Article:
Johns Hopkins Gazette: September 12, 1994

Researcher Parlays Passion for Reptiles into Fund-Raiser
By Mike Field

Tim Hoen fondly remembers acquiring his first snake. "I was 7
years old at the time," said the research technician in the
Biophysics Department, now 40. For the young Baltimore county
native in the early 1960s, it was love at first sight. "I
would say that since that time I've owned thousands of
reptiles," he said.
    Included on his list of current and former pets are corn
snakes from Maryland, northern pine snakes from New Jersey,
blue-tongued skinks from Australia, leopard geckos from
Pakistan and a selection of various other colubrids (which,
for the uninitiated, are the family of non-venomous snakes
that includes rat snakes and king snakes).
    Hoen does not feel the slightest bit odd about his
menagerie of slithering friends. "The reptile is the most
misunderstood animal in the world," he declares emphatically.
"Our repulsion with them is entirely a learned fear. Children
are very receptive to snakes and other reptiles. It's mostly
adults that have no use for them."
    Recently, Hoen has made his passion for reptiles very
useful indeed. As the founder and chief promoter of the
Mid-Atlantic Reptile Show, he introduced the cold-blooded
wonders of snakes, turtles, lizards and their like to
hundreds of Baltimore-area residents at the first annual
show, held last September at the Marriott Hunt Valley Inn.
More than 3,500 people attended the educational and sales
    This year, the show is moving to the Maryland State
Fairgrounds, and Hoen expects an even bigger crowd.  It is,
he says, the only such show in the country run on a
not-for-profit basis. All profits from admission charges and
vending fees are turned over to the Ecosystem Survival Plan,
a group that uses the money to turn endangered rain forest
land into protected parkland in Central and South America.
The state fair will be held this Saturday and Sunday, Sept.
17 and 18, at the fairgrounds in Timonium.       
    Last year's show raised $18,000 for ESP, which purchased
131 acres of rain forest in Costa Rica's Talamanca/Caribbean
biological corridor and additional acreage in nearby
    "This is the only show to date using all proceeds to buy
and preserve critical habitat for the preservation of the
world's biological diversity," Hoen said.
    He has mixed feelings about the increasing popularity of
reptiles. On one hand, he's happy to see so many people
looking at snakes, lizards and turtles as animals worthy of
care and respect. The darker side to this new fascination
with cold-blooded animals has to do with the huge sums of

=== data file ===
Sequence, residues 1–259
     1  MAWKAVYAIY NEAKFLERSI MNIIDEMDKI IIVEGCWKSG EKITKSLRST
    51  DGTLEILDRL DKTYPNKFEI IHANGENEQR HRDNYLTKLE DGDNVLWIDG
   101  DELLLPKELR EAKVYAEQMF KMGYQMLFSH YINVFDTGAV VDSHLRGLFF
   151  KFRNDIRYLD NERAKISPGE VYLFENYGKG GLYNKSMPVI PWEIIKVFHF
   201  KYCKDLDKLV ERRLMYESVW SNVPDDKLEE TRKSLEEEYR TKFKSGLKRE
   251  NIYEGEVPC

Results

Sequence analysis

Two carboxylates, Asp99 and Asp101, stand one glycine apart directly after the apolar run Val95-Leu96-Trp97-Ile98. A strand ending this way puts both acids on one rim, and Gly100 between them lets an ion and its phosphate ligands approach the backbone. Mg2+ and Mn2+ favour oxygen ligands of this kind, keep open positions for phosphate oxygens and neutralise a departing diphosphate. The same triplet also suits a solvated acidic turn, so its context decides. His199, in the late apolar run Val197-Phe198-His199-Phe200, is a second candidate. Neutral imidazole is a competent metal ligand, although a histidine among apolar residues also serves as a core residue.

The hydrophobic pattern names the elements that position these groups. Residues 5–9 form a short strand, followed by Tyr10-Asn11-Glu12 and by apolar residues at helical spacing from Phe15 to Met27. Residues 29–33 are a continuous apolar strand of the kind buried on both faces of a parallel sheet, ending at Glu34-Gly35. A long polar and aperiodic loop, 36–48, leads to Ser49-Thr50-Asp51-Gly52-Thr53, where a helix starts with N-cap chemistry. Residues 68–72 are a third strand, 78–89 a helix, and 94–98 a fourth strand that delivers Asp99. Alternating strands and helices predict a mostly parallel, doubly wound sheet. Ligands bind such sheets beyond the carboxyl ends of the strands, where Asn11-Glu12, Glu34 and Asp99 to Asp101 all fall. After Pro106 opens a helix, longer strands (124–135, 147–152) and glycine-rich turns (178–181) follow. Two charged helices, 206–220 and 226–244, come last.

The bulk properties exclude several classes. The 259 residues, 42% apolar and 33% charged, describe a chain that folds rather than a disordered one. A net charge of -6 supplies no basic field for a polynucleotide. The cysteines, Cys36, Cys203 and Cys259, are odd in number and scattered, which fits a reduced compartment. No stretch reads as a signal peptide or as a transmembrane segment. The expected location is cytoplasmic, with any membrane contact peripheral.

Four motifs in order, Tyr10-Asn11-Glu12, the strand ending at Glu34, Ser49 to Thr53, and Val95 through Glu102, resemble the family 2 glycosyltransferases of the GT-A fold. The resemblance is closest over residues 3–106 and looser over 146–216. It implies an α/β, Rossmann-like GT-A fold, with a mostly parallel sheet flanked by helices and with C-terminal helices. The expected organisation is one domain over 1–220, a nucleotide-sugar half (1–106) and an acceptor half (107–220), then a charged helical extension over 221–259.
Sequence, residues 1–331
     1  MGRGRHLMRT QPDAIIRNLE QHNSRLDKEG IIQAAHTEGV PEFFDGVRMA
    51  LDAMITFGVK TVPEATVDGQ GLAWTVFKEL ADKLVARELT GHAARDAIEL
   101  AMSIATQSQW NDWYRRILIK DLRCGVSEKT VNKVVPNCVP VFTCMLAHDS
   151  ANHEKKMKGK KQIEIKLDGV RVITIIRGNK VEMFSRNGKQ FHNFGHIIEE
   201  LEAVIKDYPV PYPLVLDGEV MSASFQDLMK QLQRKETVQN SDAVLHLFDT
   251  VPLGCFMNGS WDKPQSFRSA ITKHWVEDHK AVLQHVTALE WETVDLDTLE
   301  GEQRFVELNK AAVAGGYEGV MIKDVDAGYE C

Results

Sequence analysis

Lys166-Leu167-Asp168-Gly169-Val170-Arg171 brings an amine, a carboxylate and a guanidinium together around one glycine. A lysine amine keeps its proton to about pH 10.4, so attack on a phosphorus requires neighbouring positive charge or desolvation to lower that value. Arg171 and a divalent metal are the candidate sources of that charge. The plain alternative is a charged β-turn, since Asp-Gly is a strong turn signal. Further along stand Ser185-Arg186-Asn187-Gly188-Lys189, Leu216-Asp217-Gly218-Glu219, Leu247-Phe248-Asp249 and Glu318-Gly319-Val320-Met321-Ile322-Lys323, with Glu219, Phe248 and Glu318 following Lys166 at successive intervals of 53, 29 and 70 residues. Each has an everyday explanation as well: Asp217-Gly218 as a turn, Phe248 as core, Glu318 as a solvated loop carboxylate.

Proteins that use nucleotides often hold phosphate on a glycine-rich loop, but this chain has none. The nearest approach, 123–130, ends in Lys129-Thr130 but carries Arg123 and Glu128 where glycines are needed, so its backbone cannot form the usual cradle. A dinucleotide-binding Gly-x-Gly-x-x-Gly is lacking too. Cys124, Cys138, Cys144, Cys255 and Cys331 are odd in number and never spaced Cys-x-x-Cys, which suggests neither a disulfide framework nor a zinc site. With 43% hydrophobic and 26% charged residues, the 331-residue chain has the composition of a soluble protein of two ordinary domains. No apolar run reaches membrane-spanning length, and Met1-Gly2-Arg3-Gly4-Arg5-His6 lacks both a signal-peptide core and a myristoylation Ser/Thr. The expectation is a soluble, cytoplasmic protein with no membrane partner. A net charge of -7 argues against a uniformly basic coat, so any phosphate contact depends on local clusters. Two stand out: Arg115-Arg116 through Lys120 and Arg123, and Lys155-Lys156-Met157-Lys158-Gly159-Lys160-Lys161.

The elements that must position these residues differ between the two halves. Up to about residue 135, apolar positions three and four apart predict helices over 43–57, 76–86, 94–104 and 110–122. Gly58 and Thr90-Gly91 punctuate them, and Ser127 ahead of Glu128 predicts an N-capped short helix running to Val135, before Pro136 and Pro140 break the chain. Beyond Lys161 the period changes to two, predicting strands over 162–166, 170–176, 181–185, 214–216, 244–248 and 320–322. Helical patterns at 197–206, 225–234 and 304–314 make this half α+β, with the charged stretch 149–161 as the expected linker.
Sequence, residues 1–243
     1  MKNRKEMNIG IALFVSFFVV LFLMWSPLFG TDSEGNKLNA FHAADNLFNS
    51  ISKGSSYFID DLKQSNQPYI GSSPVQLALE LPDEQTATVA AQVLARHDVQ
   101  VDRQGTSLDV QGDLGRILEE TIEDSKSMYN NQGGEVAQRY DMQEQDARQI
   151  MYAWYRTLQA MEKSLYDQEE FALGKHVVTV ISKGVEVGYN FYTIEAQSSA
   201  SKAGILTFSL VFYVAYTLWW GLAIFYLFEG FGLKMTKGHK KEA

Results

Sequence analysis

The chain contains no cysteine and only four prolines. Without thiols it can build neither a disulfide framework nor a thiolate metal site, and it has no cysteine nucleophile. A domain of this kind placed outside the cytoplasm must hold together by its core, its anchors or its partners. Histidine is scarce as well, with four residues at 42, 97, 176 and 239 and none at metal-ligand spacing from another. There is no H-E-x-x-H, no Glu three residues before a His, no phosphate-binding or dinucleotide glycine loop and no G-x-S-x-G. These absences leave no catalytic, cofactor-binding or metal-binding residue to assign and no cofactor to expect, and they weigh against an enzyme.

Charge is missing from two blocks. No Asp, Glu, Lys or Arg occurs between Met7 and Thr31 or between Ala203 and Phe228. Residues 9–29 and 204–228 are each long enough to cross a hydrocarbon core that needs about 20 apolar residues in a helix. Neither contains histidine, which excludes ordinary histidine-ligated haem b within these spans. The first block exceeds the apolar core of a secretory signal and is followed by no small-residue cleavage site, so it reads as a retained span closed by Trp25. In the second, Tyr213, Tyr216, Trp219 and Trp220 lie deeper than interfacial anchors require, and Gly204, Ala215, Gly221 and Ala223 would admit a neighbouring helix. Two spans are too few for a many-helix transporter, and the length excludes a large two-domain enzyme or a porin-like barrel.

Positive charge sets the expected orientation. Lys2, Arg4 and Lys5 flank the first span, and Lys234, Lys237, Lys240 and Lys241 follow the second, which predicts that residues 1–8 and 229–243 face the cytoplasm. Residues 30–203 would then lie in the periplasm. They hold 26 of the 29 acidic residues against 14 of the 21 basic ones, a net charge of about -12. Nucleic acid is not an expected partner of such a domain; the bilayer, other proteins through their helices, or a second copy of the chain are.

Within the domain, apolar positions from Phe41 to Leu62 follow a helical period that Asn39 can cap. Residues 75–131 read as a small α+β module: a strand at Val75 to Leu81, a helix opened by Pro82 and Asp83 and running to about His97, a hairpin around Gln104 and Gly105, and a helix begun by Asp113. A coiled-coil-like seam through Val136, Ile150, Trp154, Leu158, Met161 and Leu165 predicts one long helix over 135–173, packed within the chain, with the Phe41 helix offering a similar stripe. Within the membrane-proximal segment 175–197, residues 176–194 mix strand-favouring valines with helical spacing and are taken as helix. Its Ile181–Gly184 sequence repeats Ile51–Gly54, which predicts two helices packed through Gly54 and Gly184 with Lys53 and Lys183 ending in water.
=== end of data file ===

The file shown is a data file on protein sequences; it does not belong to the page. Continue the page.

money suddenly involved in a thriving world reptile trade.
"The interest in some of these animals--particularly the rare
or endangered species--has made them valuable and is putting
a strain on their numbers in the wild," he said.
    Hoen worked with the Maryland Department of Natural
Resources in trying to estimate populations of the state's
native bog turtle, a species he says is quickly becoming one
of the rarest in the world. "We recorded a 43 percent decline
in populations from the previous survey 16 years ago," he
said. "Some of this has to do with the loss of the animal's
natural habitat, but some of it is also the result of its
value to collectors. Bog turtles sell for from $750 to $1,000
per animal, which is a very bad thing for the turtles left in
the wild."    
    His solution--and the solution of many conservationists-
-is to advocate protecting remaining habitats and to
establish and promote a captive breeding program for the
animals. "If the animal is available through captive breeding
then the incentive to collect it in the wild is removed," he
said. "We need these breeding programs so the animals
remaining in the wild will be left alone," he said. Hoen
allows only legitimate dealers selling captive-bred reptiles
to display at the Mid-Atlantic Reptile Show.
    He does not encourage just anyone to purchase a reptile
as a pet. "I push the three-step process that says first get
the knowledge of what's involved, then get the proper setup
and finally, get the captive-bred animal from a legitimate
dealer," he said. "People shouldn't be collecting these
animals from the wild."
    Hoen has some distinctly unfavorable things to say about
the current status of the reptile trade. "The import business
of reptiles is too big, and most of the animals brought in
die," he said. "I'd like to see strict quotas of imported
reptiles that would raise prices. It's ridiculous to be
selling iguanas for $4 an animal. If they sold for around
$50, then people would think twice before making the
commitment to owning one."
    Despite his concern about casual collectors, Hoen
believes reptiles make rewarding pets. "Reptiles give
pleasure in much the same way as dogs and cats," he said.
"They respond, particularly lizards and turtles. Turtles will
come running to you for food, while lizards have quite a bit
of personality. And unlike a dog or a cat, if you don't pick
a snake up for several days it doesn't care. In many
respects, they can be excellent animals for active people
with busy schedules living in close quarters."
    It is not, Hoen says, his intent to make reptile lovers
of everyone. But he does hope to educate people about the
importance of all animals in the ecosystem, including the
less popular ones. "Many lizards I could find as a kid--such
as the bright blue-sided fence swift which used to be common
in Baltimore County--are just not there anymore. Their
numbers are declining, and I believe it is important that all
of us try to do something about it."
    For more information about the Mid-Atlantic Reptile Show
or the show's sponsor, the Maryland Herpetological Society,
contact Hoen at 557-6879.

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